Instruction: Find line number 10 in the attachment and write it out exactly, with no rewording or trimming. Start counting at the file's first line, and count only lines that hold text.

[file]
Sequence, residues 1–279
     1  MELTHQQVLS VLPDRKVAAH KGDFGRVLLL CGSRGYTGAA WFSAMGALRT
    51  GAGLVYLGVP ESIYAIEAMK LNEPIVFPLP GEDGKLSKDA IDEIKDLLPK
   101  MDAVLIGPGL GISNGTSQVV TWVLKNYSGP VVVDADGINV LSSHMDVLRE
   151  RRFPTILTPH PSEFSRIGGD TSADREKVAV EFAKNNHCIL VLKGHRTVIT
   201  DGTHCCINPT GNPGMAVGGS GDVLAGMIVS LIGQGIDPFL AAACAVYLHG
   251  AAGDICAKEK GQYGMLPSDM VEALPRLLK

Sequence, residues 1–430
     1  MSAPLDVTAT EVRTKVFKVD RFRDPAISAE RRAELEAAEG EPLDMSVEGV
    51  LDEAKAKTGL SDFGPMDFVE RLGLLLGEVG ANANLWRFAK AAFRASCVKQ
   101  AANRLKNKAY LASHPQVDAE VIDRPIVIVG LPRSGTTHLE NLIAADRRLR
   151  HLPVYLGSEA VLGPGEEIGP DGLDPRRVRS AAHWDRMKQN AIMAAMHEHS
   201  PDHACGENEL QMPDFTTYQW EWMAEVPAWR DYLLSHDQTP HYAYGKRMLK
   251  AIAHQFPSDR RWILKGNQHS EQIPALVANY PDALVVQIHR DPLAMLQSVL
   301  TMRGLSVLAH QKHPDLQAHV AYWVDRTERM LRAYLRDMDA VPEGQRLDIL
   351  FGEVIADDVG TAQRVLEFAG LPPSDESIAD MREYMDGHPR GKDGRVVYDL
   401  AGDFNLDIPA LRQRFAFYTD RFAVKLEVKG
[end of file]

    51  LDEAKAKTGL SDFGPMDFVE RLGLLLGEVG ANANLWRFAK AAFRASCVKQ